Book Reviews

All Change (Cazalet Chronicles) by Elizabeth Jane Howard

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List Price: £8.99


Paperback: 592 Pages.

Published: 27 March 2014 by Pan

Edition: Main Market

ISBN: 9780330508988

EAN: 9780330508988

It is the 1950s and as the Duchy, the Cazalets’ beloved matriarch, dies, she takes with her the last remnants of a disappearing world – of houses with servants, of class and tradition – in which the Cazalets have thrived.

Louise, now divorced, becomes entangled in a painful affair; while Polly and Clary must balance marriage and motherhood with their own ideas and ambitions.

Hugh and Edward, now in their sixties, are feeling ill-equipped for this modern world; while Villy, long abandoned by her husband, must at last learn to live independently. But it is Rachel, who has always lived for others, who will face her greatest challenges yet . . .

Events converge at Christmas; as a new generation of Cazalets descend on Home Place. Only one thing is certain: nothing will ever be the same again.


5.0 Stars5.0 Stars5.0 Stars5.0 Stars5.0 Stars  by Debra Found

A Great Conclusion

This is the final book in the Cazalet series. If you haven't read any of the previous books then start with "The Light Years" and work your way through. This book will not make any sense unless you have read the whole series. If you need a refresher then there is a brief summary in the front of the book.

This was an excellent conclusion to a wonderful series. We have now arrived in the 1950s and those children we have watched grow up throughout the books - Polly, Clary, Teddy etc - are mostly married with children of their own. A new generation of children is heading to Home Place for their Christmasses. Times have changed and the older generation of Hugh, Rachel, Edward and Rupert are struggling to live in the new world where tradition and loyalty in business are not as important as they were. There is now a daily help doing some basic housework and the days of a full quota of servants have long gone. This generation are coping in various ways with the changes - Rupert better than the others with Hugh and Rachel left floundering in a world that they are struggling to understand. I am sure this is an excellent parallel with the older generation today who are trying to adapt, with varying degrees of success, to the world of ipads, ipods and internet for everything!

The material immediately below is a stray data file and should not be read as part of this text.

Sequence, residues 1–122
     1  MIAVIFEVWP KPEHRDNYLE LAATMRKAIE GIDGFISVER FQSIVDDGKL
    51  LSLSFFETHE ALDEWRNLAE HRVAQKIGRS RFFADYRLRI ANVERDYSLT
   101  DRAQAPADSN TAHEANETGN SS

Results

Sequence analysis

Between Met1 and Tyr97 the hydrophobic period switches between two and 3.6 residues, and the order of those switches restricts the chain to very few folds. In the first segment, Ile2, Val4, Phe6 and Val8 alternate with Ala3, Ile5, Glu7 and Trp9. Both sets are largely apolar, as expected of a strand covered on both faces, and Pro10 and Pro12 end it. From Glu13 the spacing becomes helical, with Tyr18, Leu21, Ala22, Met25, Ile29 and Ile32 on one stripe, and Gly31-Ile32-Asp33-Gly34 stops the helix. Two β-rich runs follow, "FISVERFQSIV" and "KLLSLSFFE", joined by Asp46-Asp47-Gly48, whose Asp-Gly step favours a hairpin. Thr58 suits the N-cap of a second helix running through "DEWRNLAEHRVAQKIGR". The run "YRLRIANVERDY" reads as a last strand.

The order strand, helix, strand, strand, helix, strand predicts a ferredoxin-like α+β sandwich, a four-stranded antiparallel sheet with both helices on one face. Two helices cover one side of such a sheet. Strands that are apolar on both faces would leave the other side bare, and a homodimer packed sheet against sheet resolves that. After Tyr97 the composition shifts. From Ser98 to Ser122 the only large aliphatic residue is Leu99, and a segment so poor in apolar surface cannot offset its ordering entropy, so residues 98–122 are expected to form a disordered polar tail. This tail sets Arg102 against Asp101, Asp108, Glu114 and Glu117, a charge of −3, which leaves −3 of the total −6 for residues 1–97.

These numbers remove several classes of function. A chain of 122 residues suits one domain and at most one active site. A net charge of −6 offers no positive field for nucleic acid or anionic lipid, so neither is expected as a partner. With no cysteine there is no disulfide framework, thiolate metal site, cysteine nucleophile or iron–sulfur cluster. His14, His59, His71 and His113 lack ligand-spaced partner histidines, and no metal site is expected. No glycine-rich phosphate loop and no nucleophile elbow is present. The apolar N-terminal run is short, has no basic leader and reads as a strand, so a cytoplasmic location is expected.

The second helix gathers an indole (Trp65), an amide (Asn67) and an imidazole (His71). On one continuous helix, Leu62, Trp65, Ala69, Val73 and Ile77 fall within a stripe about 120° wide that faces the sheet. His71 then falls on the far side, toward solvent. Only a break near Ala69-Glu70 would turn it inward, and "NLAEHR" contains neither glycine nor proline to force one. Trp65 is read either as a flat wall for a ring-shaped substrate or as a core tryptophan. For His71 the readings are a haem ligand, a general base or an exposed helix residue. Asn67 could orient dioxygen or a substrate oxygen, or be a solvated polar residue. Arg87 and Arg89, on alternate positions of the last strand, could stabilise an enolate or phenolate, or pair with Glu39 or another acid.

We have followed the characters throughout these books and it is wonderful to see how they have developed. Neville, who was quite a self-centred and difficult child has progressed into a difficult and self-centred adult. Polly has become a very efficient housewife and mother whereas Clary has remained rather more complicated. We are able to see how the earlier difficulties in life during the war and the loss of parents have changed these people. There are some characters  missing in this book and I would have loved to hear the ending of the stories of Christopher, Nora, Angela and Judy. Were they happy with the lots they had chosen in life?

Elizabeth Jane Howard has created a whole dynasty of Cazalets which I have got very involved with throughout the series. She is a master storyteller of the characters everyday lives making them very three dimensional and true to life. I was quite happy with how the book completed the series - it wasn't all "and they lived happily every after" but a fitting end to the story. I shall miss the characters and am sad that there isn't another book to follow the story further. An excellent conclusion to an excellent series.

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